Other places we may visit around the Weddell Sea area and on the eastern side of the Antarctic Peninsula are: Joinville Island; D’Urville Island; Hope Bay; Seymour Island; Snow Hill Island; Vega Island; Prince Gustav Channel; Beak Island; Crystal Hill; Herbert Sound.
Days 9 to 10 – Drake Passage
Time to head back to Argentina’s Tierra del Fuego, with lectures and videos to complete our Antarctic education. This is a time for reflection and discussion about what we have seen and felt, and the impact this voyage has had on us all. If we have a good crossing and weather permitting, we will try our best to approach the legendary Cape Horn at the southernmost tip of South America.
Day 11 – Beagle Channel & Ushuaia
During the early morning we cruise up the Beagle Channel, before quietly slipping into dock in Ushuaia, where you will be free to disembark as soon as the ship clears immigration—around 09:00. It’s a busy time, saying farewell to our expedition staff, crew and fellow passengers who have shared the intensity of exploring this magnificent white wilderness. We head off in our different directions, hopefully with a newfound sense of the immense power of nature. At the conclusion of the voyage, flights are not to be booked from Ushuaia prior to 12 noon on the day of disembarkation.
CABINS & PRICES
|Triple (shared bathroom)||USD 9,500|
|Twin public cabin (shared bathroom)||USD 11,200|
|Twin private cabin (en-suite bathroom)||USD 13,500|
|Mini Suite (en-suite bathroom)||USD 14,500|
|Captain Suite (en-suite bathroom)||USD 15,900|
All rates expressed in USD per person sharing
- Comprehensive pre-departure information
- One night accommodation in Punta Arenas pre-voyage (25th February 2018)
- Transfer from hotel to Punta Arenas airport
- Flight from Punta Arenas to King George Island
- Luggage transfer from King George Island airstrip to Polar Pioneer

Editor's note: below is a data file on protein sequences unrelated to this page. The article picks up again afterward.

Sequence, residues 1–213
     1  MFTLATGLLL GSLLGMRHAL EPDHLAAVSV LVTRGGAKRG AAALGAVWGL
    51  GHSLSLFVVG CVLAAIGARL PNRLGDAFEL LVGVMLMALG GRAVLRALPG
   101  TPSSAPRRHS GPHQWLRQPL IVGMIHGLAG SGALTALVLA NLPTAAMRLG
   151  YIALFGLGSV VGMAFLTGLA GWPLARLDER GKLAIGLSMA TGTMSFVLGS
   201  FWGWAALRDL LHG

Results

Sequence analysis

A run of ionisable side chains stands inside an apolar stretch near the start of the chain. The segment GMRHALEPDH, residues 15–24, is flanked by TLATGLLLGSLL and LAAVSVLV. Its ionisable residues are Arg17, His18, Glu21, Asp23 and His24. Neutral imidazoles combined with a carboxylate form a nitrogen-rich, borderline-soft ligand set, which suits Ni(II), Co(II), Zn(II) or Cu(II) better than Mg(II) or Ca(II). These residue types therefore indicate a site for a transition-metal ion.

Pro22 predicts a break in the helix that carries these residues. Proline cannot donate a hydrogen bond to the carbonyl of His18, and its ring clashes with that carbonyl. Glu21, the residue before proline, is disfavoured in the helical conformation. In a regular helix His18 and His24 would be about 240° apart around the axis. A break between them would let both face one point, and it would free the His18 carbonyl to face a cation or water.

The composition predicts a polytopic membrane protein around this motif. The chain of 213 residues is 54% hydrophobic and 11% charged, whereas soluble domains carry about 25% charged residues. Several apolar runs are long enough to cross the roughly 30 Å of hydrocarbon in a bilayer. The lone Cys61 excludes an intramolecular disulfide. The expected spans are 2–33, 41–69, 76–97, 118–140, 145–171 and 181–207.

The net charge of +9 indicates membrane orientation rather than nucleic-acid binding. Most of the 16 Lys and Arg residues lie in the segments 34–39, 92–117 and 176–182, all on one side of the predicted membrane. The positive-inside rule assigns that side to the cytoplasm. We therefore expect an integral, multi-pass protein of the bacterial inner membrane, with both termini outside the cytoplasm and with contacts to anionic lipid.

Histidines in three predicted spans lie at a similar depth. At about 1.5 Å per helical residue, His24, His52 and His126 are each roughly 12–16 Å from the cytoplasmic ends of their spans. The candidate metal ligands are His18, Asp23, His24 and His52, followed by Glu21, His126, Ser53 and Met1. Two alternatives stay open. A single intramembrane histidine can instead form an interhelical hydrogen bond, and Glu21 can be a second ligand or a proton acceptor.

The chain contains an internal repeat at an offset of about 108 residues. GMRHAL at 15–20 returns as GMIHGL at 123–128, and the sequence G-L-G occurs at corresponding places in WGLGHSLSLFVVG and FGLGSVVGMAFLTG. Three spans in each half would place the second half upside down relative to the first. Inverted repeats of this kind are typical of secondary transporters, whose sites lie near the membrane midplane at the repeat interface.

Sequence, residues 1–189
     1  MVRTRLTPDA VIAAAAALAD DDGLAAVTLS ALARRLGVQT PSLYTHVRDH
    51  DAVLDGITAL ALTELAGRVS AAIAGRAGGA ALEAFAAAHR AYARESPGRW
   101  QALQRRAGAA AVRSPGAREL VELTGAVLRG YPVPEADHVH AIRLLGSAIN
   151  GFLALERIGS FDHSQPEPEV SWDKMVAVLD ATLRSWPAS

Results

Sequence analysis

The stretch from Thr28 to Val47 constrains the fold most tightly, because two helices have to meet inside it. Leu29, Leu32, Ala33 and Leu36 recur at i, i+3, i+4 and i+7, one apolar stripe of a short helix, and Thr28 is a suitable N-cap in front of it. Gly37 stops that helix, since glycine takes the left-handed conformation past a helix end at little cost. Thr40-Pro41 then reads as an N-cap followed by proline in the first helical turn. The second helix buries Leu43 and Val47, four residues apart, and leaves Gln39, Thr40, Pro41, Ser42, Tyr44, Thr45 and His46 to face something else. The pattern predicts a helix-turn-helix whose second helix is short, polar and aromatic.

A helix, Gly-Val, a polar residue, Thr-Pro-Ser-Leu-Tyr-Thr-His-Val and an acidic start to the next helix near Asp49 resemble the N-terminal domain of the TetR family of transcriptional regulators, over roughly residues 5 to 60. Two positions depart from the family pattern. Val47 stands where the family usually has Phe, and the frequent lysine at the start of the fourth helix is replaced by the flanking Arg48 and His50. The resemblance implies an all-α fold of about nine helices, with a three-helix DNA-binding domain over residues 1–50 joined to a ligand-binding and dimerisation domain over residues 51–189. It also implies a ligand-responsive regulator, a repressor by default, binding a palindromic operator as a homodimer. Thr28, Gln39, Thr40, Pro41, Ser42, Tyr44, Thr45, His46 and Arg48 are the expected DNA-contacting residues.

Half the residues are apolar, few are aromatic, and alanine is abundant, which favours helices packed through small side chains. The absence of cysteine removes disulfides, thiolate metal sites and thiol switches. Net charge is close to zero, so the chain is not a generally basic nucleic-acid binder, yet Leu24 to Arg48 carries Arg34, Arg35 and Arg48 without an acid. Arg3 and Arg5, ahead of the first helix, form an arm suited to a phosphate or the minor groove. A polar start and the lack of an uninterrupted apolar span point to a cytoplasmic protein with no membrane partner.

- Accommodation during the voyage
- All meals, snacks, tea and coffee during the voyage
- All shore excursions and Zodiac (inflatable boat) cruises
- Educational lectures and guiding services from our expert team
- Access to our doctor and basic medical services on board
- Free use of gumboots during the voyage
- Daily cabin service
- An Aurora Expeditions’ multi-purpose waterproof jacket
- Professionally produced voyage journal (one per booking)
- Port taxes and charges
- All entry fees to historic landings sites.
- International or domestic flights to or from ship, unless specified
- Transfers not mentioned in the itinerary
- Airport arrival or departure taxes
- Visa, passport, reciprocity fees and vaccination charges
- Travel insurance or emergency evacuation charges
- Hotels and meals not included in itinerary
- Optional excursions not included in the itinerary
- Optional activity surcharge. Please contact us if you wish to book any optional activities, such as sea kayaking
- All items of a personal nature including but not limited to: alcoholic beverages and soft drinks, laundry services, personal clothing, medical expenses, gratuities, and email or phone charges.